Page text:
The peach border should be composed of turfy mellow FIG.
For most of these the lightest spongy but sweet turfy peat must be used, this being packed lightly about the roots, and built up above the pot-rim, or in some cases freely mixed before use with chopped sphagnum moss and small pieces of broken pots or nodules of charcoal.
For pot culture, the soil should consist of three parts turfy loam to one of leaf-mould and thoroughly rotted manure, adding enough pure grit to keep the compost porous.
In potting the well-established plants, and all those of considerable size, the soil should be used in a rough turfy state, not sifted but broken, and one-sixth of broken crocks or charcoal and as much sand as will insure free percolation should be mixed with it.
The cultivation of vines in pots is very commonly practised with good results, and pot-vines are very useful to force for the earliest crop. The plants should be raised from eyes, and grown as strong as possible in the way already noted, in rich turfy loam mixed with about one-third of horse dung and a little bone dust.
The trees are to be top-dressed from time to time with well-decayed manure and turfy loam, and considerable space must be left in the pots for this and the watering.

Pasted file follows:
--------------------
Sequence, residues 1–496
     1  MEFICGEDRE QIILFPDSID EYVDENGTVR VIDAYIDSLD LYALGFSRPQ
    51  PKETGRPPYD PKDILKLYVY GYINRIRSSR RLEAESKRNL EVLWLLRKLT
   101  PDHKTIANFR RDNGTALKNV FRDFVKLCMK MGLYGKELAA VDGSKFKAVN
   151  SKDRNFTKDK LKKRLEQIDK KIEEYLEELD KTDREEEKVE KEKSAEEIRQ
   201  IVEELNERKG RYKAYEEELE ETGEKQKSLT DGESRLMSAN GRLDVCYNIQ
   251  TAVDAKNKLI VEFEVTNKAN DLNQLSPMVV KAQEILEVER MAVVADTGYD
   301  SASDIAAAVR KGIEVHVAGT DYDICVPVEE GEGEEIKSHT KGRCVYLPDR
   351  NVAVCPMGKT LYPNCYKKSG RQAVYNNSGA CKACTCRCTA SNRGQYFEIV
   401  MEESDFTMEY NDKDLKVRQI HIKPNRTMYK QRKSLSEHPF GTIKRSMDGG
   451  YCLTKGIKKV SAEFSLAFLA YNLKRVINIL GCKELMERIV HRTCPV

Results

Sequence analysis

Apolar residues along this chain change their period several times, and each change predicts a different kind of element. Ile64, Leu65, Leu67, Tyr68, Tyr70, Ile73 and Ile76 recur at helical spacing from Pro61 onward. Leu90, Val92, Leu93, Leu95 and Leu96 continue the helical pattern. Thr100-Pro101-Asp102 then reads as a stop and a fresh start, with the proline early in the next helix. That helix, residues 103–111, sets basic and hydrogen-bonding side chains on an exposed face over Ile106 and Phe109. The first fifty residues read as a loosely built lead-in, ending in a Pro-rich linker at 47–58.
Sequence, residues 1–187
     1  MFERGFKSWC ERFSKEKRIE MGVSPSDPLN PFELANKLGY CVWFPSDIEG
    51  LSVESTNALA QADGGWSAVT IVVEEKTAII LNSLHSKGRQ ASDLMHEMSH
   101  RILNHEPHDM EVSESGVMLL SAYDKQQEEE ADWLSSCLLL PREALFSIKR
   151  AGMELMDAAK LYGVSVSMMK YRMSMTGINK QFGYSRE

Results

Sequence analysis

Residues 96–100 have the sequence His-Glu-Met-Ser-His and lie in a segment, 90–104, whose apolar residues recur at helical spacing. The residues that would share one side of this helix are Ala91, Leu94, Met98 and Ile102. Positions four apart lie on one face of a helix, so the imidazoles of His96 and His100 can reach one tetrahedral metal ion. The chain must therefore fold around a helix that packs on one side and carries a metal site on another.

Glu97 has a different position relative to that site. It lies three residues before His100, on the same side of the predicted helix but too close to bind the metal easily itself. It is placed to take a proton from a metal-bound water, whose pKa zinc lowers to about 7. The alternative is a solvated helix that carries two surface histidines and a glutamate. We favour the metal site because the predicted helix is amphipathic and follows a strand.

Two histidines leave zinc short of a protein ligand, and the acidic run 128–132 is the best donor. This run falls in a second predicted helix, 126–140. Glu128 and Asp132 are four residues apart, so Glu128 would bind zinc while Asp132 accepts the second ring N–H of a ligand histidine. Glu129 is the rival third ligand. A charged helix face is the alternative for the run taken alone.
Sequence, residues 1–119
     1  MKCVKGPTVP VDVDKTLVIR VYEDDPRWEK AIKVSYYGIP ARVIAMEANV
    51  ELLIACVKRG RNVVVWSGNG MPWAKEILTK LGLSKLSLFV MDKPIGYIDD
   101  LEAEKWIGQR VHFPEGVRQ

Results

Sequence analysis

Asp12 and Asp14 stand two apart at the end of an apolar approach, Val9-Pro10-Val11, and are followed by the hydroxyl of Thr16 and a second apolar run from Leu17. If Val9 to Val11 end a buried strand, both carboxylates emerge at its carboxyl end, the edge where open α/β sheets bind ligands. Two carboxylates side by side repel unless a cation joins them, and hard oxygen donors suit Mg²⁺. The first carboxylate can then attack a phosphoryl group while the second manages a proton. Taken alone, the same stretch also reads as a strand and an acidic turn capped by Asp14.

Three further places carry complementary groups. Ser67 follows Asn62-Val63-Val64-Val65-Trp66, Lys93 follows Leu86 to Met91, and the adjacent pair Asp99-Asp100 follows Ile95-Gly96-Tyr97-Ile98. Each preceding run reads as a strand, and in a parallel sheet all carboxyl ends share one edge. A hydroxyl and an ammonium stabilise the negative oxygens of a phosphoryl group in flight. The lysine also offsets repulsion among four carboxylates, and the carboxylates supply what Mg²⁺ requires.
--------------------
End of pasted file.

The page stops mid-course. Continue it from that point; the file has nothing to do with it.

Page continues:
The potting must be done very firmly, using turfy loam with which a little mortar rubble has been mixed.
In making up composts for pot plants, the fibrous portion should not be removed by sifting, except for small-sized pots, but the turfy portions should be broken up by hand and distributed in smaller or larger lumps throughout the mass.
Before being used the turfy ingredients of composts should lie together in a heap only long enough for the roots of the herbage to die, not to decompose.
Deep, never less than 2 ft., should consist of five parts rich turfy loam, one part old lime rubbish or broken bricks, including a little wood ashes or burnt earth (ballast), one part broken charcoal, and about one part of half-inch bones, the whole being thoroughly mixed, and kept dryish till used.